Amnesty: police discriminate

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No image availableNL Times

The Dutch police is guilty of discrimination during routine checks, according to Amnesty International. For example, during traffic controls or identity checks the police are more likely to pick immigrants than natives. This 'ethnic profiling' is a form of discrimination and therefore a breach of human rights, according to Amnesty.

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Ministerie van Binnenlandse zaken en Veiligheid
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Amnesty International researched the random checks the police perform. Ethnic minorities are perceived as a suspect quicker than natives, state Amnesty director Eduard Nazarsky. It damages the relationship between the police and ethnic minorities, and eventually impairs the effectiveness of the police.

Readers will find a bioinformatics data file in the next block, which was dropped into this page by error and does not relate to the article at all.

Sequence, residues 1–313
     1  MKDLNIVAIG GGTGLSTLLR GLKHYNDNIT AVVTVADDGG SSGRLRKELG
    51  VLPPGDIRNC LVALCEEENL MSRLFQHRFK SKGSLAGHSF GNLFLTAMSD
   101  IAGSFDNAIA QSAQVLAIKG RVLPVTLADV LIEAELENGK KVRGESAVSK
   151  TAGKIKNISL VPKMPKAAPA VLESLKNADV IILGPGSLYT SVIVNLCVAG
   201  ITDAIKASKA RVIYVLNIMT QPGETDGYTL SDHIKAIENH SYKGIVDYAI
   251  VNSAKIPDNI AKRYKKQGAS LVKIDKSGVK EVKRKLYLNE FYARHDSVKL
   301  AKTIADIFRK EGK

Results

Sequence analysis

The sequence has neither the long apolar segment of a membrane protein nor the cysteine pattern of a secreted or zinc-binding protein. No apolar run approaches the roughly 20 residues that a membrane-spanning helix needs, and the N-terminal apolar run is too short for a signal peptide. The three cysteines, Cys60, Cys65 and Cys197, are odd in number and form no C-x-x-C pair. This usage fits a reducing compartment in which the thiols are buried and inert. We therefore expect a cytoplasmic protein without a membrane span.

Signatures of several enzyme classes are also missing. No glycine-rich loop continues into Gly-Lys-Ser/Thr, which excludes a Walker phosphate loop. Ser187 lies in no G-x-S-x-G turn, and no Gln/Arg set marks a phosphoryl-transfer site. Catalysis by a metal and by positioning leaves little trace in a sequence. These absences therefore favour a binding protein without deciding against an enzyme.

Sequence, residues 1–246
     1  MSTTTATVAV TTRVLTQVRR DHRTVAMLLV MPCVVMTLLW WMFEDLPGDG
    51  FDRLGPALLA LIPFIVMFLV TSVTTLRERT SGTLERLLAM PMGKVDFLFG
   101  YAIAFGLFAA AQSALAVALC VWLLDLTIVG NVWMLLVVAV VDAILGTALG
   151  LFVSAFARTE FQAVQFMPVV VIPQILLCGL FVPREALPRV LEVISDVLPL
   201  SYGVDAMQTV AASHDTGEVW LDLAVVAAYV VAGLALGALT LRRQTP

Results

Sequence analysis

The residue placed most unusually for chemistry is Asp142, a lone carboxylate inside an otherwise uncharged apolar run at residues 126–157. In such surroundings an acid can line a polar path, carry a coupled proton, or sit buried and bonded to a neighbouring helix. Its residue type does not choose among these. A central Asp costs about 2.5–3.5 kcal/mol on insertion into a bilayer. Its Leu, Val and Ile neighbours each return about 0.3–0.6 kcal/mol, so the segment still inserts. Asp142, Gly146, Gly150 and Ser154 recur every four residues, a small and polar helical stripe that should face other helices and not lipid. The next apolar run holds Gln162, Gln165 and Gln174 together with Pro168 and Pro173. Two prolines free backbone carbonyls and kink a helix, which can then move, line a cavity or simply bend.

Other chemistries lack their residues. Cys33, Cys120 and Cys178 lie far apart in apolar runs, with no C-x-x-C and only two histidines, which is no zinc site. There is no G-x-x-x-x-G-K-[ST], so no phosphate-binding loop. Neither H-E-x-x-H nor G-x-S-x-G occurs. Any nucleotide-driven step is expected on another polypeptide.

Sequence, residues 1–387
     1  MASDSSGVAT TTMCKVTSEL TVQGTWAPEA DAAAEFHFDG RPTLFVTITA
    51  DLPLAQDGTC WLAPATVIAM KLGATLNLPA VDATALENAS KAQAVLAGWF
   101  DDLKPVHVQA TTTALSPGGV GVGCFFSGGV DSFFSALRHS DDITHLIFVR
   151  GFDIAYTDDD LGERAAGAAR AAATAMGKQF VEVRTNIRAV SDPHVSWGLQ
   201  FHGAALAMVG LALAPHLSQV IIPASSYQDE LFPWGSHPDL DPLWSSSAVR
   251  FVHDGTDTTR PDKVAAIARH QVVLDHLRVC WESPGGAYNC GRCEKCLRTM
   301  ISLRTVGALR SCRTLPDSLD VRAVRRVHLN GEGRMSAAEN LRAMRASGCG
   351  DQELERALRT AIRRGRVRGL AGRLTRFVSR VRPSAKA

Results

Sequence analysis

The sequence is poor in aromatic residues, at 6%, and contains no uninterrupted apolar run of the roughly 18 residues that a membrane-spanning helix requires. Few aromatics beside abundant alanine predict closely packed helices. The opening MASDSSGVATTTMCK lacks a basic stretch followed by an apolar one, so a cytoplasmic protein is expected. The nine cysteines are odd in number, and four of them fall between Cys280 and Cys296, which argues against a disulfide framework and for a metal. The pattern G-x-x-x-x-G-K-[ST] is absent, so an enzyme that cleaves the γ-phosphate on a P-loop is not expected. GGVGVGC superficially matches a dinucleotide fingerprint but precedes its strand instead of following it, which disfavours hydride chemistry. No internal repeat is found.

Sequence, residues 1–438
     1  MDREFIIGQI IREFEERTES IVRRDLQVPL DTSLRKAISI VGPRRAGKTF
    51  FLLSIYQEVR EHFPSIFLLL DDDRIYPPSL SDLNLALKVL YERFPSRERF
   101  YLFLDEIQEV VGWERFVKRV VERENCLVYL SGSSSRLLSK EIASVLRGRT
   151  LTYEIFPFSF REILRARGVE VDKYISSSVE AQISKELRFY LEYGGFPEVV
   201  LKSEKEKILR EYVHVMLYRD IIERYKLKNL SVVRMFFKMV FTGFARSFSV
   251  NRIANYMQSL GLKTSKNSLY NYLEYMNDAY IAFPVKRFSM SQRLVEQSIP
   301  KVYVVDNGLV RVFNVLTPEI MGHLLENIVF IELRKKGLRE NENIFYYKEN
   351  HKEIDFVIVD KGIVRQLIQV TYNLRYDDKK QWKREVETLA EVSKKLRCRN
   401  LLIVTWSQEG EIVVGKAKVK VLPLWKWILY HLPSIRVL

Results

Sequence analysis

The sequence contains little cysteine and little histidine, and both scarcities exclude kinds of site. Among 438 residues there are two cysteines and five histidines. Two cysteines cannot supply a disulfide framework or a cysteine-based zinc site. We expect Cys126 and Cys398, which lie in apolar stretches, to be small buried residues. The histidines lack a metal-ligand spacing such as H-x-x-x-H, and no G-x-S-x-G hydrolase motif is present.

Amnesty International believes the government and the police must recognize that ethnic profiling exists and they should address it. Police officers in training should be made aware of it.

In a response the National Police admits there will most certainly be incidents, but it is not structural. Police chief Gerard Bouman stated the  essence of police work is to distinguish between right and wrong.

The considerations officers make on the street are related to many factors such as location, time or age, but also the appearance and behavior of suspects or for example the type of vehicle.


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